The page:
It’s Labor Day, you’re probably attending a family function, and maybe part of you is also thinking about your job - and greener pastures. There’s a reason why many people may be pondering a job or career change: Wage growth has been disappointing for many Americans, and last week’s payroll report didn’t dispel the gloom.
Average hourly earnings rose 2.4 percent from a year earlier, the Bureau of Labor Statistics said Friday. That’s below the 3 percent to 4 percent that would be expected in a strong economy, according to Glassdoor economist Andrew Chamberlain. Wage growth usually has reached at least 3 percent after previous recessions.
Despite this recovery’s less-than-spectacular wage growth, some occupations and industries are witnessing above average earnings growth. These tend to be jobs that are in fast-growing industries that can’t find enough workers to fill their openings, which leads to wages growing at a faster clip than on average.
“If I had to give any piece of advice to young people looking for a field to get into solely based on wage growth, health care has to be the industry to look at,” Chamberlain said.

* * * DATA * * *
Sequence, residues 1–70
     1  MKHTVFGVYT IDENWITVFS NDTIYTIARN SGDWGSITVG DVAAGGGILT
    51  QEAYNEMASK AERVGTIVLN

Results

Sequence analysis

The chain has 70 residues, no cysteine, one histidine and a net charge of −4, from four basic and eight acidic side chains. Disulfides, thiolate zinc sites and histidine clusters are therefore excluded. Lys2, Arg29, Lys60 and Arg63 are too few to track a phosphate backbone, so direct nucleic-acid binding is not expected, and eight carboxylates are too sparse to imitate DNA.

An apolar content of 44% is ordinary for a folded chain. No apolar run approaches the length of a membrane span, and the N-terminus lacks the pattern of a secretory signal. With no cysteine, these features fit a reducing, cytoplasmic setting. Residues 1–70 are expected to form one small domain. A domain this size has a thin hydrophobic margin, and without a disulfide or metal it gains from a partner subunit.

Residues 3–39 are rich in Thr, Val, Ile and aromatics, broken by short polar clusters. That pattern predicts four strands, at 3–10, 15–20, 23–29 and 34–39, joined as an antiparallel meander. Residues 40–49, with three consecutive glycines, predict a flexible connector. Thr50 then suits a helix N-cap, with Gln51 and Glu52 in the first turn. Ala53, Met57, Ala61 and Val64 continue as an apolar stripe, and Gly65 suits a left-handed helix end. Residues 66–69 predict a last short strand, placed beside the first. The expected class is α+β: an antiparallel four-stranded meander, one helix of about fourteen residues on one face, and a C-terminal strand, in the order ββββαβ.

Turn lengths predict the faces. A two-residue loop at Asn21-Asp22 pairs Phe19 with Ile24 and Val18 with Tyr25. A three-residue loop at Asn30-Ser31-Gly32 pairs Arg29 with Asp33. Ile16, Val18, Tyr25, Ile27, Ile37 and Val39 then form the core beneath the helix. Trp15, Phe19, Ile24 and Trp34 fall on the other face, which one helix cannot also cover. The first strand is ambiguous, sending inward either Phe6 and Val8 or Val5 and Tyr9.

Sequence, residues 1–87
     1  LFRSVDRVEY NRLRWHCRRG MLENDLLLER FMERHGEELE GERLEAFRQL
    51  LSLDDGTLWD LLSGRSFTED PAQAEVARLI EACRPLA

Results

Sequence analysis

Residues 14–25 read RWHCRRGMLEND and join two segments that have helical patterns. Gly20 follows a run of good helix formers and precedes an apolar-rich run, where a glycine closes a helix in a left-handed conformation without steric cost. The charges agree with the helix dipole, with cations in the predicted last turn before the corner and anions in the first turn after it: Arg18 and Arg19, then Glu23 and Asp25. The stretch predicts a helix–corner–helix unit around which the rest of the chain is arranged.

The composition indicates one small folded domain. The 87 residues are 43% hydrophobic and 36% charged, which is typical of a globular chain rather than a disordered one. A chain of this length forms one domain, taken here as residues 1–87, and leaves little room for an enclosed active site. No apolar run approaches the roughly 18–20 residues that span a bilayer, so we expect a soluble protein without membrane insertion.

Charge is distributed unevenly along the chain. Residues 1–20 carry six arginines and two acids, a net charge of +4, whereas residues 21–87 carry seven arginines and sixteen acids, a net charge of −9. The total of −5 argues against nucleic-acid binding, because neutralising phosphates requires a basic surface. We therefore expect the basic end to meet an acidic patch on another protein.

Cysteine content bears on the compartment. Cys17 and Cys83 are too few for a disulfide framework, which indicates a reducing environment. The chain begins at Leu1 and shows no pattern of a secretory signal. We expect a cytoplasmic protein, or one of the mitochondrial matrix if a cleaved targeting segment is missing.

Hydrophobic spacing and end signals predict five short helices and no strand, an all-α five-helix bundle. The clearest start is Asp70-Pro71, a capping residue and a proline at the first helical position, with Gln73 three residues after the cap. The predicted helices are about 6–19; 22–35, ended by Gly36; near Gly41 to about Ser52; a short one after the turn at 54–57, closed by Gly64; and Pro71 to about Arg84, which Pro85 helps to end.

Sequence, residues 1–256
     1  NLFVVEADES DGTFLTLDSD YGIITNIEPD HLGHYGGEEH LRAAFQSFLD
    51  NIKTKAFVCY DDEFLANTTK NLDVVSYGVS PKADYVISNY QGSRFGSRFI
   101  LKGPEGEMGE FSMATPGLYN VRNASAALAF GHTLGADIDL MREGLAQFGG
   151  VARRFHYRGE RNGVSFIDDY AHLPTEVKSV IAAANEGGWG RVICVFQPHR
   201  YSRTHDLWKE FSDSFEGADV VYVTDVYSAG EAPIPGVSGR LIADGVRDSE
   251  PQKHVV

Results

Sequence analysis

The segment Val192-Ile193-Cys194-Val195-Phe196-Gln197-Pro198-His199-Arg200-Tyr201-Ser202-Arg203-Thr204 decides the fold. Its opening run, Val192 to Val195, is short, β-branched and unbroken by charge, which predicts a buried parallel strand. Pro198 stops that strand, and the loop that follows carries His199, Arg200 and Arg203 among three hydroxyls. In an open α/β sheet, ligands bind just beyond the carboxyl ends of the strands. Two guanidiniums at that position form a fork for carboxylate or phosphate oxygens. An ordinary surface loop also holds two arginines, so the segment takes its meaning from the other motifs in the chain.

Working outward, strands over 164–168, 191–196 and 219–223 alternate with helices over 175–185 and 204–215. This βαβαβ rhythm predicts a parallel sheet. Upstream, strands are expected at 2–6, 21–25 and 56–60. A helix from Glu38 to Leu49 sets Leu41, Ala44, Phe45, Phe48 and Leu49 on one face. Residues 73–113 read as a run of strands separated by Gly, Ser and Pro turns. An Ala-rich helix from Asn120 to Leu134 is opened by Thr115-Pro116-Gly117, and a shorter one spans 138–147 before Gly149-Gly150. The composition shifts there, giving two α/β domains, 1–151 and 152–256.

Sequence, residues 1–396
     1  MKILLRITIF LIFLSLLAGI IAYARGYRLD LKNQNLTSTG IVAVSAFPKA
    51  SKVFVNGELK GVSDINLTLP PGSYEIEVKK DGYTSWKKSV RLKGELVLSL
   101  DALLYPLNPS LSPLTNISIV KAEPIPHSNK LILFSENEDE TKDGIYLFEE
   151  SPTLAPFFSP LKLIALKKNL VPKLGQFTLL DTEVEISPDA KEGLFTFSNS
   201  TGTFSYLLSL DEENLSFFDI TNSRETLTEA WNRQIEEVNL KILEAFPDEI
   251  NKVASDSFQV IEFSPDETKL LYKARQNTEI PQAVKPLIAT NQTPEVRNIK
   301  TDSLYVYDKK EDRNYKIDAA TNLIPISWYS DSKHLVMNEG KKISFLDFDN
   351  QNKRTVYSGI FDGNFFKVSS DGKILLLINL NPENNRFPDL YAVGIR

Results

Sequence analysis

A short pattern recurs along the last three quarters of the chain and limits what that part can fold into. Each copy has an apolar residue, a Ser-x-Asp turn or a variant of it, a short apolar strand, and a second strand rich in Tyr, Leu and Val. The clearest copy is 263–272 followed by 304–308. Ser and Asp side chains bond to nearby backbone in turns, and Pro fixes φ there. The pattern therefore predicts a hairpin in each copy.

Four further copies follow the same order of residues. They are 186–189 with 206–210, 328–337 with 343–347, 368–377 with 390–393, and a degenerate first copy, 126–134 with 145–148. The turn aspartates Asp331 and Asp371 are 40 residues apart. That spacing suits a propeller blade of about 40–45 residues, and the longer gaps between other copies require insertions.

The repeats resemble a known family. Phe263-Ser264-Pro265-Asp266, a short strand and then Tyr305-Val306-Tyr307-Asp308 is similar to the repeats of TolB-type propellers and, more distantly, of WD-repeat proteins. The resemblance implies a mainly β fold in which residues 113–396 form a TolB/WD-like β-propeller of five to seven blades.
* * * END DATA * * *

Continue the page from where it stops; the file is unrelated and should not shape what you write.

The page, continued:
The health care industry is hiring across many skill levels, from physicians who undergo years of rigorous training and earn commensurate high salaries, to lower-paid and lower-skilled roles like phlebotomists, who aren’t required to have a college degree, although they undergo some training and on-the-job experience.
Certified nursing assistants witnessed wage growth of 11 percent in the past year, according to Glassdoor’s analysis. Emergency medical technicians benefited from wage growth of 6.8 percent, it found.
Financial and tech jobs are among those seeing higher-than-average wage growth. Annual pay for financial advisers climbed 7.8 percent, while solutions architects posted wage gains of 6.5 percent.
Not surprisingly, these industries are also experiencing payroll gains, with professional and technical services adding about 20,000 jobs and health care adding 14,000, the BLS said Friday. On the flip side, jobs that are suffering from wage contraction are often in industries that are shrinking (such as media), at risk for automation, or aren’t showing productivity gains, Chamberlain added.
The national average for wage growth may not accurately represent what individual workers are experiencing, because it lumps together all workers, not only across industries but age groups. Baby boomers who are at their peak earning years are now retiring and are being replaced by lower-paid younger workers, Chamberlain said.
“If you look at other data sources that look at the same workers one year apart, which are following the same workers over time, you see a higher wage growth” of about 3.5 percent, he said.